Wealthy Chinese Investing More In NYC Real Estate

Sleek glass buildings most popular choice amongst Chinese investors Mainland China is an ever-expanding economy of 1.3 billion people; and now, as explained in a NY Times article, a rapidly increasing amount of its wealthiest citizens are choosing to invest in Manhattan luxury real estate. What began roughly two years ago as a minimal increase in inquiries regarding these properties has ballooned into a large number of high-net worth Chinese businessmen searching for luxury condominiums in the $500,000 to $10 Million and more range. This is exciting news within the NYC real estate market, with these Chinese investors helping to strengthen property values, which could in turn lead to an increase in investments by both foreign and domestic parties. As sales to these foreign investors continue to rise, could we perhaps be witnessing a transformation of the Manhattan real estate market before our very eyes?

There are a host of reasons wealthy Chinese have decided to begin investing in NYC luxury apartments. The loosening of foreign exchange restrictions has aided in this new trend. “There is more ability to move funds offshore effectively and perfectly legally,” explains Neil Palmer, a real estate executive. Combine that with the fact that Manhattan luxury condominiums are more cost efficient as compared to other cities in which wealthy Asians are interested, and this shift can be perceived not only as logical but financially savvy. In NYC, luxury properties are on average $1,500 per square foot, as opposed to similar properties in London, averaging $3,600, Hong Kong at $2,000 and Monaco which commands $4,300 per square foot. Chinese buyers are looking for apartments not simply as homes for themselves, but as places to house their children attending college, as well as investments. Interestingly enough, they almost unilaterally prefer condominiums over co-ops, having trouble understanding the co-op system which does not exist in China. Along with that, they also rarely take out mortgages, with estimates at a whopping 75% of Chinese investors choosing to purchase properties in cash. This falls in line with a cultural belief which suggests that coming to the table without the full amount is a negative reflection on the investor. Continuing with this, other Chinese cultural norms also come into play as they choose luxury properties in which to invest. For example, Chinese buyers tend to prefer sleek glass boxes, much like the newly constructed 57 Reade Street Property in Tribeca. Delving further into these preferences is the concept of Feng Shui, which plays into, for example, the floors they pursue. Often times, Asian buyers will not look at anything on the fourth floor, which in some dialects rhymes with the word death, and conversely, seek luxury apartments on the eighth floor, which they associate with luck and prosperity. All of these issues play their parts in the decision making of Chinese investors, providing not only a new market but a different style of thinking within the NYC real estate industry.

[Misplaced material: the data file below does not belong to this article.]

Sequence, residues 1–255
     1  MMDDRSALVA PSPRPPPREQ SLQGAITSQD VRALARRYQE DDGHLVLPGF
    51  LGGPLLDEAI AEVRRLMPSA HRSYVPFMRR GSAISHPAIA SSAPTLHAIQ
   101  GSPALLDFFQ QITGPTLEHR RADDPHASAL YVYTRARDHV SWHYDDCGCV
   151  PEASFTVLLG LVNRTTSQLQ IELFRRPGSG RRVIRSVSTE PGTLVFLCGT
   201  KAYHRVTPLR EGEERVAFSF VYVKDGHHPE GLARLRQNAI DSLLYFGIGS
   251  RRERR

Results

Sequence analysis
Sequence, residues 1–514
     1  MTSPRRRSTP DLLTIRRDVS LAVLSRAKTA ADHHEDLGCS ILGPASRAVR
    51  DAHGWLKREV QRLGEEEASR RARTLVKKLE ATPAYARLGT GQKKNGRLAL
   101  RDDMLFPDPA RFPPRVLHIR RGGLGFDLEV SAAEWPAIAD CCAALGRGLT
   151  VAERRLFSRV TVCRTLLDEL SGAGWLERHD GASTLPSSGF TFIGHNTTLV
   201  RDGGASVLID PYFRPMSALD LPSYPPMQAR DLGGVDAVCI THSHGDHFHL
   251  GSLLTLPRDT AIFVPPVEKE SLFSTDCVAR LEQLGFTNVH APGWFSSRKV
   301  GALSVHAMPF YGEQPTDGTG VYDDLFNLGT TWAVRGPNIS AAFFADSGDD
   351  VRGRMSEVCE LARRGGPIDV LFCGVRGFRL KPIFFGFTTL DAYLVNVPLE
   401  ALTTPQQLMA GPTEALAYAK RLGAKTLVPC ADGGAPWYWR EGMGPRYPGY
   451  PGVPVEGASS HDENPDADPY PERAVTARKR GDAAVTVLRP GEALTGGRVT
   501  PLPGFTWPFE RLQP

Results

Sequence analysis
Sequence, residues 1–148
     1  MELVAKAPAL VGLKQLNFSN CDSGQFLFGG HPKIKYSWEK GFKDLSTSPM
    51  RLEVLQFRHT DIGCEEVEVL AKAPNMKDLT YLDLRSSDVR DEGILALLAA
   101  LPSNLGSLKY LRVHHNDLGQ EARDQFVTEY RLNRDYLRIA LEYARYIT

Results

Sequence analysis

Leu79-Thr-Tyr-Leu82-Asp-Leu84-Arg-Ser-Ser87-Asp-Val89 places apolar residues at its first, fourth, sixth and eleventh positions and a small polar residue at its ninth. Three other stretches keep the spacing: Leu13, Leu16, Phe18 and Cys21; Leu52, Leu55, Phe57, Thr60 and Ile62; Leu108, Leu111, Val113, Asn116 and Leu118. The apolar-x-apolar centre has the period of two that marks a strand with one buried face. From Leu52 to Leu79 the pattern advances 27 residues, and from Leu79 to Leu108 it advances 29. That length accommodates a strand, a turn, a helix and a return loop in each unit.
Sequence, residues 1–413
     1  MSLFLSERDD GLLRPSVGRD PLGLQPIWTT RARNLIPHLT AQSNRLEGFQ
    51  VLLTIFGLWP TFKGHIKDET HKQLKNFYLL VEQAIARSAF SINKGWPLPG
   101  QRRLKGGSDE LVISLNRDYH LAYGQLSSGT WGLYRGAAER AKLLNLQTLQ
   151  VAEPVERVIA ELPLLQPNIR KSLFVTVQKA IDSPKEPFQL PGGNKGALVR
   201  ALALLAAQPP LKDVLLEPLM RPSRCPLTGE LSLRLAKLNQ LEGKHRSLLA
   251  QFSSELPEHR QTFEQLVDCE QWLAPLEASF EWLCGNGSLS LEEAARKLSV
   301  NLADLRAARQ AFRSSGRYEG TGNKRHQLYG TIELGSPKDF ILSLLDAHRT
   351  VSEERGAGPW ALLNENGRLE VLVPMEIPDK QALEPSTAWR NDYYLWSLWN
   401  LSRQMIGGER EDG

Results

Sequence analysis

This new trend of increased Chinese investments in Manhattan real estate suggests more than just a shift in the NYC luxury condominium market. It is indicative of the growing Chinese population within Manhattan and its surrounding boroughs, and the increased interest of New Yorkers in Asian languages and culture. Perhaps most importantly, however, is the fact that these investors see Manhattan real estate not just as a wise investment, but also one of a secure nature. In turn, this could lead to further investing, by both foreign and domestic groups. As the Chinese economy continues to develop, it is only logical that the wealthy within China will invest even more in our fair city, and perhaps revolutionize the nature of the Manhattan real estate market.